VIDEO | 24:47
Split Jury

Split Jury

Nearly 90 years after Oregon allowed split jury verdicts, one formerly incarcerated man and a law professor seek justice for hundreds of people as Oregon confronts the long-term consequences of this unconstitutional jury system.

“Those who cannot remember the past are condemned to repeat it.” — George Santayana

Although we grew up in different countries, we’re both fascinated with history and driven by a love of storytelling. We found a perfect match for our passions in “Split Jury.”

The non-unanimous jury rule in Oregon, which is the subject of our film, is a good example of how decisions made nearly a century ago affect the lives of people right now. That old law — which allowed guilty verdicts in criminal cases to stand even if two jurors out of 12 voted to acquit — offered a window into a criminal justice system with roots in white supremacy, which still shapes our society today.

There has never been a shortage of flaws in the U.S criminal justice system, and while reform efforts have made progress in some states, Oregon’s non-unanimous jury law is a reminder that the past is not so distant.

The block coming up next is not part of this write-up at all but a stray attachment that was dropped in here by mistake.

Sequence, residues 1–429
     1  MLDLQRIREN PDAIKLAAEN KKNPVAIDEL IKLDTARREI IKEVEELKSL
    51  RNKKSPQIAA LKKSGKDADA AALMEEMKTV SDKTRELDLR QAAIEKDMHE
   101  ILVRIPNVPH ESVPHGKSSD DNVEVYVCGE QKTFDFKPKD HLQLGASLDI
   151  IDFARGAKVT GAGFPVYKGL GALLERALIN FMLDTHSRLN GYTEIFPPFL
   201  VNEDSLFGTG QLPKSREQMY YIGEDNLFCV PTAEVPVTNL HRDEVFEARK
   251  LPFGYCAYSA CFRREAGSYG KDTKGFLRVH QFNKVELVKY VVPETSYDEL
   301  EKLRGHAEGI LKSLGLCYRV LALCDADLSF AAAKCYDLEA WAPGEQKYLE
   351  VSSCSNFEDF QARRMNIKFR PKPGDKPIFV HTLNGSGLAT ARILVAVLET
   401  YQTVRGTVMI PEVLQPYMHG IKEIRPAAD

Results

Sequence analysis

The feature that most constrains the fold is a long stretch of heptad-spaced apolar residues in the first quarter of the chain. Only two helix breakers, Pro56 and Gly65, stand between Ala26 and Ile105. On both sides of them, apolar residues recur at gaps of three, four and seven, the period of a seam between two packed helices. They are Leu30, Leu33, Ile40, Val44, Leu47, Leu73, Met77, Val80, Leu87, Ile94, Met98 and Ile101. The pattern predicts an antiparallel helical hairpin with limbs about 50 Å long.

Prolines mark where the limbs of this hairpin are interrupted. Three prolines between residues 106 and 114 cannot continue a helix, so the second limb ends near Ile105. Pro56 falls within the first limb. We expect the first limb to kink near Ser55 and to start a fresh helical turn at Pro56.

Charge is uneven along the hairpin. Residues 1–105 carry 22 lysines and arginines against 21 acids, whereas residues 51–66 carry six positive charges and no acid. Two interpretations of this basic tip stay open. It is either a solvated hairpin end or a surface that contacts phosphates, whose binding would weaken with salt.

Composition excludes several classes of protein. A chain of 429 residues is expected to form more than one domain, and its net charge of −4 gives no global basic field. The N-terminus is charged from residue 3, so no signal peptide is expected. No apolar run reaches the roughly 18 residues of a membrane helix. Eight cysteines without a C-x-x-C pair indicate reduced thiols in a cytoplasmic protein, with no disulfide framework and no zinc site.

Our vision for the film was to explain the roots of this law and to bring forward the human emotions and costs that often get lost in debates about criminal justice systems.

Aliza Kaplan, a professor at Lewis & Clark Law School, has been a leading advocate to end the non-unanimous jury verdict system. It was through Aliza that we met Tacuma Jackson and learned about how his life was derailed by this unconstitutional law. Both Aliza and Tacuma placed their full trust in the project, and we were able to follow them for the five months leading up to the Oregon Supreme Court’s ruling in late December 2022.

By showing their passionate struggles to help repair the harm done by this law, we hope “Split Jury” leaves the audience informed about this history and moved by the courageous journey of those who’ve been fighting against this injustice for a very long time.

This film is part of a special Short Docs series in association with the UC Berkeley Graduate School of Journalism.